This is a continuation of the Safety and the Students at Hamilton Southeastern Schools, Part 1 article.
Questions and Answers from the HSE Safety Meeting
The March meeting was followed with an open discussion question and answer session. Questions were raised around several common issues. The following is based on my notes from the meeting.
Q: Why doesn’t HSE screen kids?
Dr. Bourff indicated this was a regular question. He indicated that the district does not screen kids.
Q: Could we restrict the size of backpacks?
This is something that could be considered. Another question that was raised at the public meeting was in regard to using clear backpacks. Dr. Bourff indicated this is something that they would take under consideration as well. There was also an indication that at some point (years) in the future, the use of technology might reduce or eliminate the need for backpacks.
My personal thought to this is based on feedback I’ve heard. Clear backpacks are not necessarily a viable solution. Would you also remove pockets, coats, purses, and other areas where items could be smuggled into a building? Additionally, there are some items that are needed by kids such as medications and personal hygiene items that could be embarrassing to carry in a clear bag where other kids could see them.
Q: Do we have ‘circles’ or times where each kid can be simply asked “how are you doing?”
I don’t have an answer written for this question. Part of the role of the SROs is to build these relationships and to work on keeping communication open with students. It is hoped that teachers, counselors, and others would do this as well.
Q: Is the school district considering metal detectors?
Dr. Bourff addressed this question with a response that it was “not likely. Maybe.” He indicated that metal detectors are not shown to be effective. In addition to weapons being left outside of a school, there are numerous issues that come with the logistics and costs of using metal detectors. There are enough details around metal detectors that I’ve written a separate commentary on the topic.
Q: There is a requirement to have a background check to volunteer for class parties, however, the doors seem to be open more freely during this type of school event…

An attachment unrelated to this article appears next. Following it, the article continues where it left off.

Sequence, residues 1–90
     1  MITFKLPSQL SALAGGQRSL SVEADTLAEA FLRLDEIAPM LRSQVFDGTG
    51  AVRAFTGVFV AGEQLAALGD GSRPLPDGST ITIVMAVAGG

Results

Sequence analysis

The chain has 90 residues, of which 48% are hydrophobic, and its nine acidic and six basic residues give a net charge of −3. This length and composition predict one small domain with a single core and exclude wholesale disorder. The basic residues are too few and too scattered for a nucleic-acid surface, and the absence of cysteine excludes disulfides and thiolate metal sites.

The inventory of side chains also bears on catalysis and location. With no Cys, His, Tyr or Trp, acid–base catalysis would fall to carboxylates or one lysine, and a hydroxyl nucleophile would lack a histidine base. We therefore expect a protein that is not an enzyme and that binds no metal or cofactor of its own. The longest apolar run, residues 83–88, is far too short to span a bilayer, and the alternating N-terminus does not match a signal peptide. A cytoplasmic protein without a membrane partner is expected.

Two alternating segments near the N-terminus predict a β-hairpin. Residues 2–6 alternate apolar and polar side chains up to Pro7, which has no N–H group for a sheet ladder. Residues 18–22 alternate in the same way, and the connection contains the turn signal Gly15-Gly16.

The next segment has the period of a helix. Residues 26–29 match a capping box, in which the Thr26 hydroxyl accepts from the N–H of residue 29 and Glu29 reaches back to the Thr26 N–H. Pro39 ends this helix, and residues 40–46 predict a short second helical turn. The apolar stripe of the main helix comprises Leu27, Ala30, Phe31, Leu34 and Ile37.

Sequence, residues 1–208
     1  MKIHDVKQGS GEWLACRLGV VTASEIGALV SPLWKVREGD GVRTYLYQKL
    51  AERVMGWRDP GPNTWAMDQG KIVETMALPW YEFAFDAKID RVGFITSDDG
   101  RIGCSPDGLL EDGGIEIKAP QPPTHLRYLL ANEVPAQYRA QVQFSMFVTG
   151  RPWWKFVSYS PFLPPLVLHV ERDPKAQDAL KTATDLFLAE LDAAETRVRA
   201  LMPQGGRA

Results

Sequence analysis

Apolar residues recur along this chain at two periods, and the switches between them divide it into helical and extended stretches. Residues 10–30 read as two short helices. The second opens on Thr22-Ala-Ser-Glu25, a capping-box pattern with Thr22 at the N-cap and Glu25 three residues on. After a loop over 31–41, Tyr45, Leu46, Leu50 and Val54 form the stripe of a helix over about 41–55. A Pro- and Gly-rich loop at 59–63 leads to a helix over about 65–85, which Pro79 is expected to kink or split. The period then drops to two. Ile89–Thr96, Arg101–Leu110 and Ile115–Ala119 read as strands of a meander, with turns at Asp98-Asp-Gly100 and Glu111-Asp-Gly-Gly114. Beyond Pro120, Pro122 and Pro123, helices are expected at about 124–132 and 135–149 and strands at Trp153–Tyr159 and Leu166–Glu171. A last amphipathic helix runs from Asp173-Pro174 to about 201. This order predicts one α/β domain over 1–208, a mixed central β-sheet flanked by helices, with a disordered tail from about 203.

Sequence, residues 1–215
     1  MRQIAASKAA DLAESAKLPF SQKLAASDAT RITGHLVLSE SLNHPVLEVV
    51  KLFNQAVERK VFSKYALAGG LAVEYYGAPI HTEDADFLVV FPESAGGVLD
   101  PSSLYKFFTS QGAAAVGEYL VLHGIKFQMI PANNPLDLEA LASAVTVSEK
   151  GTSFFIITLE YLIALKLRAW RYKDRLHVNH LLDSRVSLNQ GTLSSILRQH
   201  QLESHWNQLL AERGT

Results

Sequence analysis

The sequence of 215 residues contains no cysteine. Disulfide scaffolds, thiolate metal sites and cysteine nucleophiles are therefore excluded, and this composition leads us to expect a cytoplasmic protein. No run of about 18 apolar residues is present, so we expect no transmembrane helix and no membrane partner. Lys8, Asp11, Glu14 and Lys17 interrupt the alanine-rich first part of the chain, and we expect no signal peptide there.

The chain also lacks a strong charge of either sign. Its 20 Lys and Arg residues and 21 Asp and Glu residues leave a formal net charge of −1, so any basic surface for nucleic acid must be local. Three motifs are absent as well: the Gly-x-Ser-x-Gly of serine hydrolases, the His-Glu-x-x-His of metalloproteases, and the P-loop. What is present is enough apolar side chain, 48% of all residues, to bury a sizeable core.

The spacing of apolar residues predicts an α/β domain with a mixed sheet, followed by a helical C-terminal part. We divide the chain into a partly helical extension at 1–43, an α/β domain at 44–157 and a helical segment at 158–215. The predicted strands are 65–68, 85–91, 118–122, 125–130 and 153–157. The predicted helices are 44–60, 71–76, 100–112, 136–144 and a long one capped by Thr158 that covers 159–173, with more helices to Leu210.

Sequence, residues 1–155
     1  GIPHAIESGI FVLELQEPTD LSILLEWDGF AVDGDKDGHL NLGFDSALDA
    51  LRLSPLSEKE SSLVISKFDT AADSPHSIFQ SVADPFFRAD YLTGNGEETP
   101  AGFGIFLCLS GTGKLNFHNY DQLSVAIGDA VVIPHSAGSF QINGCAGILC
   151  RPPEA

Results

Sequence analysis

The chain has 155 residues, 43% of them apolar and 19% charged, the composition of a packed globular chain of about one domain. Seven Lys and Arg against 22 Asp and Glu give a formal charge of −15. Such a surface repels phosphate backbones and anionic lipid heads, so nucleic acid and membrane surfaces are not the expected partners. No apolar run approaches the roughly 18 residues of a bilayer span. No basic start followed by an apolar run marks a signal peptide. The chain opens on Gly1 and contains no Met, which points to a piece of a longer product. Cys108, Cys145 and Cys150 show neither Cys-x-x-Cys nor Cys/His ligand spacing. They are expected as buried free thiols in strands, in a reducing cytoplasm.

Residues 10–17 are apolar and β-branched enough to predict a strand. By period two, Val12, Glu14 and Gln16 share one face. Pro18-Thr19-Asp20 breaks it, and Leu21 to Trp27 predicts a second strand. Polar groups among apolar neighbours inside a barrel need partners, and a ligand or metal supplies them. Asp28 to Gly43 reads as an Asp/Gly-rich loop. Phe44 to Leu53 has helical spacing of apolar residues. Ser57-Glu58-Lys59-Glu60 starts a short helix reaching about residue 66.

The response to this was, “We have moments where we are vulnerable. There are a number of times when the offices simply can’t cycle the number of people that are entering a building. This is a topic that will need to be reviewed.”
Q: Will class parties be taken away? For example, the “Wellness Walk” at one of the schools is rumored to be possibly taken away.
Dr. Beresford responded that they don’t want to frighten the kids, but they want the kids to be secure. When there is a cop on campus, most bad people will leave.
This is the answer I have in my notes. It doesn’t really answer the question. This question was followed by the next question.
Q: Is it possible to have more security officers at vulnerable times?
It was indicated that during some of these more vulnerable times there are traffic cops and others that are also at the school or within the areas.
Q: Are there any plans for an SRO at all of the schools?
Currently there are seven SROs for the 21 HSE schools. There is one at each of the high schools and then the others bounce between the rest of the schools.
Dr. Beresford commented on this question. He indicated that all public buildings such as court houses have security with the exception of schools and possibly post offices. He stated that we have 22 buildings but can’t afford 22 officers. While one person in the audience indicated that the district should raise taxes to get an officer in every school, that person didn’t currently have a child within HSE yet.
Dr. Bourff indicated that there has been a discussion on a state-wide initiative for a referendum to cover school security. He stated that there are some schools in the state that might not have the funds for SROs, so there are issues at the state level that need to be addressed.
Lt. Johnson indicated that there should be more SROs added to the school He said there has already been a request for another SRO for next year (2018-19 school year). At the more recent public meeting, Dr. Bourff indicated that several SROs could possibly be added next year. He indicated that the district would only hire the right candidates for the role and that any new SROs would need to be trained before they could start. Budget would need to be found to cover any new hires.
Q: There was an incident at Fall Creak. Some parents indicated that the communication from the principal to the parents was vague. Who approved the wording? Is there a protocol for such messages when issues happen in the schools? Why was there not communication district wide on the issue?